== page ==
R E V I E W
‘True Colours – New Colours’: Split Enz tribute album
By Ian Duggan
Like many New Zealand music lovers, I went through a Split Enz phase in my younger years. I bought all the albums, including multiple variants of some. My primary love though was for their early work; songs contained on the first few singles, like ‘For You’, ‘Split Ends’ and ‘129’, and the albums ‘Mental Notes’ (1975), ‘Second Thoughts’ (1976) and ‘Dizrythmia’ (1977). The wheels were falling off for me by the time they got to 1979s ‘Frenzy’, though the band were still able to release some fantastic singles over the following years. If you are familiar with the history of the Enz, it will be clear that the music I best appreciated was that from the Phil Judd-era, and I much preferred what he did as a solo artist on his ‘Private Lives’ album, with The Swingers and then Schnell Fenster than much of what Split Enz released following his departure (or, for that matter, Tim Finn’s solo work, or Crowded House).
True Colours was released in 1980 and represented the band’s first major commercial success, reaching #1 in Australia and New Zealand, #10 in Canada, #38 in the UK and #40 in the USA, particularly on the back of the Neil Finn penned single, ‘I Got You’. This album led to a change in their fanbase – some older fans continued to support the band in its new overtly poppy direction, while others were lost – though the new approach clearly attracted a slew of new followers. Personally, I find the original True Colours album to be patchy; it does have some superb pop songs, in particular the singles ‘I Hope I Never’ and ‘Poor Boy’. Nevertheless, it also features ‘I Got You’, their massive hit, which for me has not aged well. Further, songs like ‘What's the Matter with You’, ‘I Wouldn't Dream of It’, ‘Missing Person’ and ‘How Can I Resist Her’ have always felt like fillers, making up the numbers, and also a bit cringey. Nevertheless, there were some pleasant surprises on the original album, particularly ‘The Choral Sea’ - an instrumental written by the whole band, which provided a strong finish to the LP.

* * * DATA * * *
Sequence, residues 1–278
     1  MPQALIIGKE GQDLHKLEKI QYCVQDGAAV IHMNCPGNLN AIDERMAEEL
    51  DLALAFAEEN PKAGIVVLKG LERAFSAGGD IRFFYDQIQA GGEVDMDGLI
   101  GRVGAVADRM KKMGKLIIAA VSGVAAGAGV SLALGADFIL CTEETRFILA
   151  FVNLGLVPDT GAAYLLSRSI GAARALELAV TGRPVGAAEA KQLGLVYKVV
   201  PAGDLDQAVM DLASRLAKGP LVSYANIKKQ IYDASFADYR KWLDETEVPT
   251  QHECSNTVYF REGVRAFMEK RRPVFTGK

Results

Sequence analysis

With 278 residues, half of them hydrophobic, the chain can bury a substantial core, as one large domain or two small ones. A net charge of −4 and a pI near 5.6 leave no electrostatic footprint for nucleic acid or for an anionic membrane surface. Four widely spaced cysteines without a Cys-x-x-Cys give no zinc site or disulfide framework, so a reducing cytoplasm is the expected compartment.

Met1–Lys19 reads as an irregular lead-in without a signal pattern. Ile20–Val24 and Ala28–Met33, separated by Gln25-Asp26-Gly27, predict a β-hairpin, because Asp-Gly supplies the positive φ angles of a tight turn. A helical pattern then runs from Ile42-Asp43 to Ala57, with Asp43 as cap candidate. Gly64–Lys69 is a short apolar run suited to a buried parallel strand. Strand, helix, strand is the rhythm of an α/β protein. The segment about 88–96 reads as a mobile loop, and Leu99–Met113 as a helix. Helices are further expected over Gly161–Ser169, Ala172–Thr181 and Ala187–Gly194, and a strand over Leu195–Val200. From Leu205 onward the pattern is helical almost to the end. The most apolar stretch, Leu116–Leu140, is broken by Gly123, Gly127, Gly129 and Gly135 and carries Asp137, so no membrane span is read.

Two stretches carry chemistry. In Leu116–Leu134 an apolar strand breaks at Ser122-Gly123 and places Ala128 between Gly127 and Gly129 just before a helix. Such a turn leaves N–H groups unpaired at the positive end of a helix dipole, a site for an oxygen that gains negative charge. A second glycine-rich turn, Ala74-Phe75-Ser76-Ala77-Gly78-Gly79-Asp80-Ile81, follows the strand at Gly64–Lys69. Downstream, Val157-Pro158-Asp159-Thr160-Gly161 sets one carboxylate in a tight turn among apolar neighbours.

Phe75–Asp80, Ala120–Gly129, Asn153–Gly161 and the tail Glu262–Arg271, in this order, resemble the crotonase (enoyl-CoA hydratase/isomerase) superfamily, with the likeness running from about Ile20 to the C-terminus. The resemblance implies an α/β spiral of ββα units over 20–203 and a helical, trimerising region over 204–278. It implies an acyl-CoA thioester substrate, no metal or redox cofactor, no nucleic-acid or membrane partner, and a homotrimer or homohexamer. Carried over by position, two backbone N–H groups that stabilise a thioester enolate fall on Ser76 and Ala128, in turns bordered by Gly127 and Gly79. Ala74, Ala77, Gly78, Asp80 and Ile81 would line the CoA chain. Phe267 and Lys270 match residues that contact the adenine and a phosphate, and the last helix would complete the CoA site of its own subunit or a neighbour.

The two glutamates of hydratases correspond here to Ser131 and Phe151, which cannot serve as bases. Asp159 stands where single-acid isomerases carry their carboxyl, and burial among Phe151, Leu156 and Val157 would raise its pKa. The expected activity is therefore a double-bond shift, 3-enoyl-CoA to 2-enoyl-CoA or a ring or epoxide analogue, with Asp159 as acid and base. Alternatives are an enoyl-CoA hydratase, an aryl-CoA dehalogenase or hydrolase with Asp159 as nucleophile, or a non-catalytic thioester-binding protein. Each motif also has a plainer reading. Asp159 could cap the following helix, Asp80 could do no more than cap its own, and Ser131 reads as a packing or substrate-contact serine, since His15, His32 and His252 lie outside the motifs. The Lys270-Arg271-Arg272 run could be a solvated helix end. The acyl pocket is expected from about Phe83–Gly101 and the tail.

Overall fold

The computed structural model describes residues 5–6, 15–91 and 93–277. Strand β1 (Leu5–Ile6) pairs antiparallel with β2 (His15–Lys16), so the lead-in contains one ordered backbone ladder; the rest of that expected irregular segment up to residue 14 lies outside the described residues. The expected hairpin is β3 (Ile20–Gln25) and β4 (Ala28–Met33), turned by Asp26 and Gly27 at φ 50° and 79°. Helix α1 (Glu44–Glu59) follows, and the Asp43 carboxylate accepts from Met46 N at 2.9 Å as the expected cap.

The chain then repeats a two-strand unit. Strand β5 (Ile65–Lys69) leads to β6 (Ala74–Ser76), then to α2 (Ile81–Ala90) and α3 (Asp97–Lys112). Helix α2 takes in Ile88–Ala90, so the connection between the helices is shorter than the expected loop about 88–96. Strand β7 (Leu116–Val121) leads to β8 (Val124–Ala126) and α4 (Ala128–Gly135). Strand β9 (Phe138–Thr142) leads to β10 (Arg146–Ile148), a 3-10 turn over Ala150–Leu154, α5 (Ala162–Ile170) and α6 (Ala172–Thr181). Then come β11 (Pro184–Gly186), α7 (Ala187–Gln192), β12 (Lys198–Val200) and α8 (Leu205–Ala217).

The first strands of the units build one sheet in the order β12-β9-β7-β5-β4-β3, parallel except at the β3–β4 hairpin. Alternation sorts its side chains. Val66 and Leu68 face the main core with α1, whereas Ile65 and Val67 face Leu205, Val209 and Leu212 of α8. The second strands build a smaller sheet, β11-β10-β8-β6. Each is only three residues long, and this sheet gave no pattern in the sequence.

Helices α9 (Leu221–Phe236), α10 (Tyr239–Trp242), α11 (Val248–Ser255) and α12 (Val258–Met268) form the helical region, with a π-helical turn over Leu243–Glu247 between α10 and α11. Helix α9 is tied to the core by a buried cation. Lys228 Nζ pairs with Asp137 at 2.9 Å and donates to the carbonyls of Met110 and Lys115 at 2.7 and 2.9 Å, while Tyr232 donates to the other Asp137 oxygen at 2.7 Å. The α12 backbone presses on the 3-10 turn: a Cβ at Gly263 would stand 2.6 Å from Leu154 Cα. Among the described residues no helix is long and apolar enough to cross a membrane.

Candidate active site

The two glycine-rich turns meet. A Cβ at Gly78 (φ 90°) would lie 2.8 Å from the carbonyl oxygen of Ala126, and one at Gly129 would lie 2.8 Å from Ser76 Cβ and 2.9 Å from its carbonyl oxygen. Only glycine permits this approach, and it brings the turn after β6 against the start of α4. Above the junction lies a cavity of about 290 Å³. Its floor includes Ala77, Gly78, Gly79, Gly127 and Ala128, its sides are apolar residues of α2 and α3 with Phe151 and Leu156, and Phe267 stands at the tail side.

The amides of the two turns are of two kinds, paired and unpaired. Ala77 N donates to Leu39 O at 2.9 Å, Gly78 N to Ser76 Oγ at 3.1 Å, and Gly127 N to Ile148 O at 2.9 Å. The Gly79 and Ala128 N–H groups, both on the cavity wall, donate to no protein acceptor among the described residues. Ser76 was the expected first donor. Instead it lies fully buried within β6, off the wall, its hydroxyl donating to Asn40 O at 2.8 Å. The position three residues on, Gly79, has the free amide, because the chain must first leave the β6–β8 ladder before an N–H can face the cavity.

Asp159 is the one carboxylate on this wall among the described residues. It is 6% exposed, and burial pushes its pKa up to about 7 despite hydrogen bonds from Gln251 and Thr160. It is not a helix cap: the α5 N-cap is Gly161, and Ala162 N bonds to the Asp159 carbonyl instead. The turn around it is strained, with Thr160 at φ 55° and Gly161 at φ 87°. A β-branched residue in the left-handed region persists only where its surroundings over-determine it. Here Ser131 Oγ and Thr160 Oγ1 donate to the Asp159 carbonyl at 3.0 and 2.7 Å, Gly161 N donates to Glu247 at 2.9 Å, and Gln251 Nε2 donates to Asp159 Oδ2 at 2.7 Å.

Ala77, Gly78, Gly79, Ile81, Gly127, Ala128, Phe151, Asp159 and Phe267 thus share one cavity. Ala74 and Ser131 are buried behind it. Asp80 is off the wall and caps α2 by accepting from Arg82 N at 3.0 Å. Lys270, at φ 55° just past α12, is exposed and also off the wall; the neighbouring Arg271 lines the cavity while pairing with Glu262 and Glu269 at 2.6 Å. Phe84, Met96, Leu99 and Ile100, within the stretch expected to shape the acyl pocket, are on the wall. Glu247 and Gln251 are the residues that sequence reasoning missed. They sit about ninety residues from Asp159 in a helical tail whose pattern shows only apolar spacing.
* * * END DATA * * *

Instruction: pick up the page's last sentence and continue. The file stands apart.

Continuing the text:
Forty-one years after the original, a tribute album, ‘True Colours – New Colours’, has been released, featuring covers of all the songs from the album, in their original order, by a variety of New Zealand and Australian artists. For me, however, this album was on a hiding to nothing before it even started. As mentioned, many of the songs on the original album just aren’t that strong, and as such they would need to get some special treatment to be salvaged by the artists interpreting them.
Starting with the positives, however, is that all the artists attempted to make the songs their own, rather than simply emulating the originals. This is true for the opening track, ‘Shark Attack’, covered by Chelsea Jade. For me, this dream-pop version is one of the highlights of the album – it isn’t frenetic like the original, or as the lyrical content might suggest it should be. Some might see this as a down point, but I disagree; I want a different interpretation, and this one is successful in giving it to me. The Beth’s sped-up, poppy take on ‘What's The Matter With You’ is pretty good also, for the most part, with Elizabeth Stokes’ vocal delivery more appealing to me than Tim Finn’s on this song.
At the other extreme, the strongest tracks on the original album come in for the harshest of treatment. Bernard Fanning’s (Powderfinger) take on ‘I Hope I Never’ I find unlistenable, and Stan Walker’s dubby/BBQ reggae version of ‘Poor Boy’ reminds me of much of what I find wrong with New Zealand’s most popular music artists currently. ‘The Choral Sea’, also one of my favourites on the original album, is made unrecognisable by Pacific Heights, while Shihad’s take on ‘I Got You’, like the original, just doesn’t work for me here either.
Tribute albums are always patchy, and this one is no exception. Overall, this one just doesn’t really work for me. Some of this is obviously the result of uninspired song interpretation, which is unfortunate, but the quality of some of the source material here was probably never going to make this a winner.